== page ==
Sugar cravings may be due to dopamine dysfunction

Dr Patricia Pelufo Silveira – Ludmer PI @ Douglas – McGill

Moving beyond the overly simplistic unhealthy lifestyle paradigm, researchers are slowly uncovering the genetic and epigenetic mechanisms behind obesity.

Recent research by Ludmer Centre researcher Dr Patricia P Silveira at McGill and the Douglas Institute and her colleagues has shown that altered dopamine signaling may increase a preference for more palatable high-sugar foods leading to a risk for obesity among children born at low birth weights. Specifically, intrauterine growth restriction (IUGR), where a fetus fails to grow at a normal rate inside the womb, leads to altered behavioral responses to variations in dopamine signaling capacity, increasing a child’s preference for palatable foods (those higher in sugar).

The researchers developed a ‘multilocus genetic score’ to determine if and how dopamine signaling associates with spontaneous palatable food intake in children based on their fetal growth status. They found that variations in the genetic score, reflecting dopamine signaling associated with differences in sugar intake, occurred only in IUGR children. This suggests that dopamine function is involved in this behavioral feature, especially in IUGR children. It further suggests that this behavioral profile is linked to both the function of the genes associated with dopamine signaling capacity and the environmental adversities that led to IUGR and the low birth weight. Thus, fetal growth interacted with the multilocus genetic score, reflecting dopamine signaling capacity, to predict spontaneous sugar intake in children.This study builds on a previous study in IUGR rodents that also found altered striatal dopamine signaling associates with a preference for palatable foods.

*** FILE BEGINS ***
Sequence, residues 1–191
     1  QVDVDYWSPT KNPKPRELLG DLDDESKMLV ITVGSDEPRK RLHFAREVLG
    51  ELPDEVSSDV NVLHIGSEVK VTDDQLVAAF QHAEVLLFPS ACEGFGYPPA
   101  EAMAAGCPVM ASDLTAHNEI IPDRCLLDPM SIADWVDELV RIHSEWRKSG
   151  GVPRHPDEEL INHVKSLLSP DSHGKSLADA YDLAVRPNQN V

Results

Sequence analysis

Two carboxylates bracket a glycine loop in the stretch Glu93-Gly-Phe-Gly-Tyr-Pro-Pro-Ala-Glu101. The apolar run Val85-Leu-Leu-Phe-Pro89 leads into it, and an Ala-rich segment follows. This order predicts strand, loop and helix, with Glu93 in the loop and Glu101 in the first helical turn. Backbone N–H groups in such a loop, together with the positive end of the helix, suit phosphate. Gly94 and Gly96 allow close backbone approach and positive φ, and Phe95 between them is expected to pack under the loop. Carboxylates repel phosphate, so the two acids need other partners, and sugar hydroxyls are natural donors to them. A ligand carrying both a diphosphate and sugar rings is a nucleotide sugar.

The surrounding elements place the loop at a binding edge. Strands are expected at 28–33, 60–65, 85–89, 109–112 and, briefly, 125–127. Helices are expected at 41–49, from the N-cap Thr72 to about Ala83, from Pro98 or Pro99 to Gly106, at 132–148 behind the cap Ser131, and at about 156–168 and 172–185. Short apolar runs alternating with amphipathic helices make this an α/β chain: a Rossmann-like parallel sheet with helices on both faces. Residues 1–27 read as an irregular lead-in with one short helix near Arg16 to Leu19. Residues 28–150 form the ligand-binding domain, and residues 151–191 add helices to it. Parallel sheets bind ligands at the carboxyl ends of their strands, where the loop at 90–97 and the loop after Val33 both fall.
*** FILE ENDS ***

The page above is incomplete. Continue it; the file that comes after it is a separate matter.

These findings could have important implications for obesity prevention – as well as relate metabolic disturbances and consequences on cognition and mental health – in IUGR individuals.

Why this research is important

IUGR affects between 3% and 7% of the population1 and can lead to health issues such as obesity, diabetes, hypertension, and neurodevelopment problems. Over six million Canadians, 1 in 4 adults and 1 in 10 children, have clinical obesity, 2 a leading cause of type 2 diabetes, high blood pressure, heart disease, stroke, arthritis and cancer.3 These types of studies are helping us to understand the mechanisms underlying the rise in obesity and the link to poor physical and mental-health outcomes.

The research also adds to our understanding of the neurotransmitter dopamine, the dysfunction of which is associated with a number of neurological and mental disorders including central nervous system diseases such as Parkinson’s and mental illnesses such as schizophrenia.

Read the article: PP Silveira, I Pokhvisneva, H Gaudreau, L Atkinson, AS Fleming, MB Sokolowski, M Steiner, JL Kennedy, L Dubé, RD Levitan, MJ Meaney, MAVAN team. Fetal growth interacts with multilocus genetic score reflecting dopamine signaling capacity to predict spontaneous sugar intake in children. Appetite, Volume 120, 1 January 2018, Pages 596-601

Listen to a PowerPoint presentation of the research by Dr PP Silveira


Learn more about the Ludmer researchers: Dr Patricia P. Silveira (Primary Investigator), Michael Meaney, and Kieran O’Donnell @ the Douglas University Mental Health Institute, Research Centre

Research powered by a collaboration of Ryerson University, McMaster University, University of Toronto, the Centre for Addiction and Mental Health, Douglas Mental Health University Institute, and McGill University

To learn more about the work of a Ludmer Centre researcher or set up a speaking engagement, contact the Centre’s Administrative Director: